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Registered
2004 Forester XT 4EAT
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177 Posts
Discussion Starter #1
I have a VF39 turbo ready to install once the oil dump stem of the turbo arrives. I have just installed my Helix uppipe and was thinking if it's do-able to uninstall my TD04 and replace it with the VF39 without having to remove the uppipe. There's 5 bolts that hold the turbo to the uppipe. Take these off after taking the downpipe off. Then disconnect the oil and coolant lines. Is that it???

My question is: Is it easy to install a turbo through the top?
 

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BLUE WASABI, (#2 Info Provider)
2008 SG Model D
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9,051 Posts
kickin_81 said:
I have a VF39 turbo ready to install once the oil dump stem of the turbo arrives. I have just installed my Helix uppipe and was thinking if it's do-able to uninstall my TD04 and replace it with the VF39 without having to remove the uppipe. There's 5 bolts that hold the turbo to the uppipe. Take these off after taking the downpipe off. Then disconnect the oil and coolant lines. Is that it???

My question is: Is it easy to install a turbo through the top?
Installing a turbo is not a simple venture but my turbo was installed through the top. Not sure how easy it would be to take the turbo w/ the uppipe still attached to it out at the same time? It isn't that hard to just take the uppipe off since you will be removing it anyways. Good luck.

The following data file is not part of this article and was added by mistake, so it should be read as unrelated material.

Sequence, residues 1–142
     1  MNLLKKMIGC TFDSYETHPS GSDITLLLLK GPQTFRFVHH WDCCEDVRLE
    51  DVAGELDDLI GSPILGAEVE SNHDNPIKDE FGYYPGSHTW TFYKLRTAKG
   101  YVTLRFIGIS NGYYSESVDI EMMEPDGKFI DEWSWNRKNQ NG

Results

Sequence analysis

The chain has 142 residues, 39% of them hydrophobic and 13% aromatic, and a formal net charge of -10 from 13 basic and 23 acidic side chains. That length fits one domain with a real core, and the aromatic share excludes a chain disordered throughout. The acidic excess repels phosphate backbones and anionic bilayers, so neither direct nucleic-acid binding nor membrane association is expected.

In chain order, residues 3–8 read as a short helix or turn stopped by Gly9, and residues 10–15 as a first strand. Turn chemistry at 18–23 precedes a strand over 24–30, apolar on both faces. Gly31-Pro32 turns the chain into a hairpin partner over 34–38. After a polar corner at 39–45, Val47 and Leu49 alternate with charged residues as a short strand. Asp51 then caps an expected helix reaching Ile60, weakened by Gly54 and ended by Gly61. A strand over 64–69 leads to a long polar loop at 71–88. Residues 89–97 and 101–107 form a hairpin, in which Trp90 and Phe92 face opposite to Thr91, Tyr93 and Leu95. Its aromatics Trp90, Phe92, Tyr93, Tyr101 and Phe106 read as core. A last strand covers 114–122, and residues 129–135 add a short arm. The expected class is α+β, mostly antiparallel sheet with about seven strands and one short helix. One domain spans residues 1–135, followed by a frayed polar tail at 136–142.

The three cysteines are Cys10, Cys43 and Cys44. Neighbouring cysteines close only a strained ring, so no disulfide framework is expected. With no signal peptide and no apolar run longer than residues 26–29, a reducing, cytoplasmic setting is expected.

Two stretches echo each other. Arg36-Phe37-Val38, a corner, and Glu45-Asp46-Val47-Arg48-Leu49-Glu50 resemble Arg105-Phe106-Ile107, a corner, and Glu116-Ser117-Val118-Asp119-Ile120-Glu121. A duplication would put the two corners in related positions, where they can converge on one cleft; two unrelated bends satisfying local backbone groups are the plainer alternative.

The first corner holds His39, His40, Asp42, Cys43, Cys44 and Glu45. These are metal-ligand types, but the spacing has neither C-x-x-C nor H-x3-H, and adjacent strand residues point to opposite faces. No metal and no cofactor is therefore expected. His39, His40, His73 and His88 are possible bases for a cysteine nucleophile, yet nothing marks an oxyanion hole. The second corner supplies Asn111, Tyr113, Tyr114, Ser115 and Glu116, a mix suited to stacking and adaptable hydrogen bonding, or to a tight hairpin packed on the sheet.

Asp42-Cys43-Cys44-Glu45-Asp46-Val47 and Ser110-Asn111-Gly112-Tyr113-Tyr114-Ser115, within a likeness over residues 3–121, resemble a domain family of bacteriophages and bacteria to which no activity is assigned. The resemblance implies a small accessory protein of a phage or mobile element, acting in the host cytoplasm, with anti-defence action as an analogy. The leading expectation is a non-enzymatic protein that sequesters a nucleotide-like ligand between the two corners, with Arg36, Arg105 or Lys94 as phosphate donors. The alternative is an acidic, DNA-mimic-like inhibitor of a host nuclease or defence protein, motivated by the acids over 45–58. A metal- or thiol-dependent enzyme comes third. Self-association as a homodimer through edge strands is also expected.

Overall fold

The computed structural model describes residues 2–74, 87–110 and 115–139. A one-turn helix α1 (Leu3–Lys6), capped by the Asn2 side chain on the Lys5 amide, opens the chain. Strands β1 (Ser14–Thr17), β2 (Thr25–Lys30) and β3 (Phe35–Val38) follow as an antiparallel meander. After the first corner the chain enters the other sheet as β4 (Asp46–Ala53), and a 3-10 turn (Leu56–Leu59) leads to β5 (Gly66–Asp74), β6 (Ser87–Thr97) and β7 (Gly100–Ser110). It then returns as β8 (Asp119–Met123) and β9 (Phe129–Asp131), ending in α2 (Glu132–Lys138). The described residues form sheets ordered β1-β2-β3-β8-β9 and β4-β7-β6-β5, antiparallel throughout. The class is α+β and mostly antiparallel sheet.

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2006 RX8
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423 Posts
When I de-installed my VF23 and re-installed my stock turbo on my 02 WRX I did it from the top without dropping the up-pipe. Obviously the DP has to be dropped back a bit to clear, and I am sure that there were other items that I cleared out of the way, but as I re-call it was actually a very simple process. Sorry I can't recall more details, but that was in 02 and I have been through seven cars since.

Jeff :)
 

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2004 Forester XT 4EAT
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177 Posts
Discussion Starter #5
I figure it wouldn't be very difficult because the uppipe contacts the turbo horizontally and the oil and water lines can be worked with from the top and side. What scares me is the oil inlet line. It's fragile and if it gets bent, it'll take another hour or two to install it correctly or a replacement line will be needed. Anyway, thanks for the reassurance guys. :D
 

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Aspiring Post Ho
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267 Posts